Scientology is convicted of organized fraud in France

On 27 October 2009, the Church of Scientology was convicted of defrauding recruits out of their savings. One woman claimed she lost more than €20,000 in the 1990s.

Judges ordered the Scientology Celebrity Center and bookshop to pay a €600,000 (888,000 USD) fine; earlier plans by the prosecution to force the Church to disband completely could not proceed. The law supporting complete dissolution was temporarily inadmissible, due to a rework of the penal code.

The dissolution law was not reinstated until after the case had begun, and therefore could not be used. Judges stated that disbanding the church would force it to work underground, where it could not be monitored.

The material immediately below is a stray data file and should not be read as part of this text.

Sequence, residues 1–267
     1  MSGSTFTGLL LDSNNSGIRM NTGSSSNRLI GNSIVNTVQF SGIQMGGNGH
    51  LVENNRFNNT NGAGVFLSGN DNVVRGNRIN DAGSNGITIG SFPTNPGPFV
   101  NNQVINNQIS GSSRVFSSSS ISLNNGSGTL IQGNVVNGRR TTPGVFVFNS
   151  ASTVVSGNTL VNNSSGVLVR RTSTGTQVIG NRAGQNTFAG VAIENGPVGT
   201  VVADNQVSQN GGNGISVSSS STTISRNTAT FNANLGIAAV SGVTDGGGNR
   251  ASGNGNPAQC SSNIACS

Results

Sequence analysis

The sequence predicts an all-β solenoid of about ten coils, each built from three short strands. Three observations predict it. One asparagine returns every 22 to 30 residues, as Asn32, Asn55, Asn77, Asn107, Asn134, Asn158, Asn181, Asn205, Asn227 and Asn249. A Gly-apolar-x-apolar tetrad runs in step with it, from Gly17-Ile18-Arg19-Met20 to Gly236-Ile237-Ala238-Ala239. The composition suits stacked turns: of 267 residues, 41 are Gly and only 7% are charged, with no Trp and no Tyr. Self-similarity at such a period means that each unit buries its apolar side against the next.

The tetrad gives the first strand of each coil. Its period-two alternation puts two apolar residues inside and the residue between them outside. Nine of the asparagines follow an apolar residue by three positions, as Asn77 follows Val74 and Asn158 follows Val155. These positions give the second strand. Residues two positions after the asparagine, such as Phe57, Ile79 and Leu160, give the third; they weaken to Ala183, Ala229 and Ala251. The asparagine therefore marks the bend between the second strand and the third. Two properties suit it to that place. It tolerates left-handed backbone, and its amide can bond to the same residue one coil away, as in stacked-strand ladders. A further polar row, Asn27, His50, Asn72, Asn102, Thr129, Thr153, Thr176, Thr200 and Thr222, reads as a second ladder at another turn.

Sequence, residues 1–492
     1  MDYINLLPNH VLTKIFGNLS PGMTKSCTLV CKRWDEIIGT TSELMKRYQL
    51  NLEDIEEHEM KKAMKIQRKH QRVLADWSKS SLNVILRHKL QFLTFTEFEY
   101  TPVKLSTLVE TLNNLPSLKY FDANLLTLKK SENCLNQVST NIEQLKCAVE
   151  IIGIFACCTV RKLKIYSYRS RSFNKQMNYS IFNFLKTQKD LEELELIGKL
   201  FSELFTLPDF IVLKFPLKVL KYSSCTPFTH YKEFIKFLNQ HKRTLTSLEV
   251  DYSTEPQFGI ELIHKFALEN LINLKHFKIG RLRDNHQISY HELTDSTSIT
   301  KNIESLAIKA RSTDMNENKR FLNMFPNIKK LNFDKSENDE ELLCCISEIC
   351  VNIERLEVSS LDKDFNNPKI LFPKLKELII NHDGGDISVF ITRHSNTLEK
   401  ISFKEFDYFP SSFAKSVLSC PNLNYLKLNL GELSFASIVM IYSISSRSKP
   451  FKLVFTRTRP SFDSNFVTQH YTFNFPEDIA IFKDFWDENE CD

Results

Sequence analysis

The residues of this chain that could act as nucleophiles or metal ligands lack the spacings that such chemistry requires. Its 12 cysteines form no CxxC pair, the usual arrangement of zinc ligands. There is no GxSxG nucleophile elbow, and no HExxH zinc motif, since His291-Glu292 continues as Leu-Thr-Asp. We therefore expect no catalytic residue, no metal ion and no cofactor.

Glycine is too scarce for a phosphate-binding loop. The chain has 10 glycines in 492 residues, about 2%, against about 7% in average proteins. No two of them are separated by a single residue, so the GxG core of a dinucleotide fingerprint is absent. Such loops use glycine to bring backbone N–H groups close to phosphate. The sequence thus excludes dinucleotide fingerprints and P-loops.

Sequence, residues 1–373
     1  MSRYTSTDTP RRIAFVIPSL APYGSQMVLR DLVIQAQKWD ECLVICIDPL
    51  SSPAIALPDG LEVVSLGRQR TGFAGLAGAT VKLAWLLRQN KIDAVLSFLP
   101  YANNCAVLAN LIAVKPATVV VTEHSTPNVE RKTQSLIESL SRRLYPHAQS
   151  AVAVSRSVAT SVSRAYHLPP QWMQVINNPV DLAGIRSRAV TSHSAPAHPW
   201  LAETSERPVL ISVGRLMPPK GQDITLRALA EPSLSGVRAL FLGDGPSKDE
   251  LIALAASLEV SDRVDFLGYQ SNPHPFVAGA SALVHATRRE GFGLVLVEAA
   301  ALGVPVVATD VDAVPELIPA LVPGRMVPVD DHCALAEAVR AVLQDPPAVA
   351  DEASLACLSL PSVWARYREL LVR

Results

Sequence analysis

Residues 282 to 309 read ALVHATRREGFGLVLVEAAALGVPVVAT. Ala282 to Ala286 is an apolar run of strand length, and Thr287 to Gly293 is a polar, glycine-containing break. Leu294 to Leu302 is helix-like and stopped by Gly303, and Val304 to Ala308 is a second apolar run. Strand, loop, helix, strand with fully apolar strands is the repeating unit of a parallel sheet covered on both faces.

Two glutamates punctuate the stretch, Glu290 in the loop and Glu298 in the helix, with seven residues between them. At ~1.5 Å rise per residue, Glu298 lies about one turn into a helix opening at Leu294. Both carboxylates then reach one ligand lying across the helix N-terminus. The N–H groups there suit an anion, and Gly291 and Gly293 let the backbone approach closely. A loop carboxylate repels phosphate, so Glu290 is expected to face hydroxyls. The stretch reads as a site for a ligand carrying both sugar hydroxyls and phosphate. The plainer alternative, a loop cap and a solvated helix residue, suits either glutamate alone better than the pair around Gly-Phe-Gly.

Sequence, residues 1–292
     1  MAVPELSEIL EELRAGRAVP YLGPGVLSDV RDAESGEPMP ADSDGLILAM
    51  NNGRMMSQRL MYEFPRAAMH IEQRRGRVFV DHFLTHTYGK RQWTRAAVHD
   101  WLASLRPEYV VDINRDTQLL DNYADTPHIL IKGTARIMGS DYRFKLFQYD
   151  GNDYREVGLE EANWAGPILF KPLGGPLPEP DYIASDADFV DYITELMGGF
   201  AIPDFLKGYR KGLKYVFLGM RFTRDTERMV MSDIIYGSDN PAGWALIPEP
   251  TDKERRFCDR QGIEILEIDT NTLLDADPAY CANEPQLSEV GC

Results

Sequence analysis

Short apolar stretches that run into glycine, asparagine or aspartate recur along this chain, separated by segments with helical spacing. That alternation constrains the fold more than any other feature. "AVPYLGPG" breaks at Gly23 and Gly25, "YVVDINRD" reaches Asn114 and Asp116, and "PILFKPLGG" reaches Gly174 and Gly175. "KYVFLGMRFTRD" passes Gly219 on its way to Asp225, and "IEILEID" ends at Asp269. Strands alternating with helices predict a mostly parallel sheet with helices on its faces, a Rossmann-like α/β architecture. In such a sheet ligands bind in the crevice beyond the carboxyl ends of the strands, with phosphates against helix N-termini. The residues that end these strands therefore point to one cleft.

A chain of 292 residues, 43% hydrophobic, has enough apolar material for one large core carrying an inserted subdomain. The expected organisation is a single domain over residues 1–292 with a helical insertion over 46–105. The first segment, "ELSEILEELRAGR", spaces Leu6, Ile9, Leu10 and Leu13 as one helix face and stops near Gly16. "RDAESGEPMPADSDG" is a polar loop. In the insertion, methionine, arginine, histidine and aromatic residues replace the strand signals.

In his indictment, investigating Judge Jean-Christophe Hullin criticized what he called the Scientologists’ “obsession” with financial gain and practices he said were aimed at plunging members into a “state of subjection”.

Seven leading Scientologists were fined, including the head of Scientology in France, Alain Rosenberg. Rosenberg received a two-year suspended jail sentence combined with a €30,000 fine. Four of the leaders received sentences ranging from ten months to two years, while the other two were fined minor amounts.

Agnès Bron, a church spokesperson, likened the fines to, “an Inquisition for modern times”. According to Catherine Picard, head of the French Association of Victims of Sects, the fining might encourage more “unhappy Scientologist recruits” to bring out their concerns. She also stated that, “Scientology can no longer hide behind freedom of conscience.”

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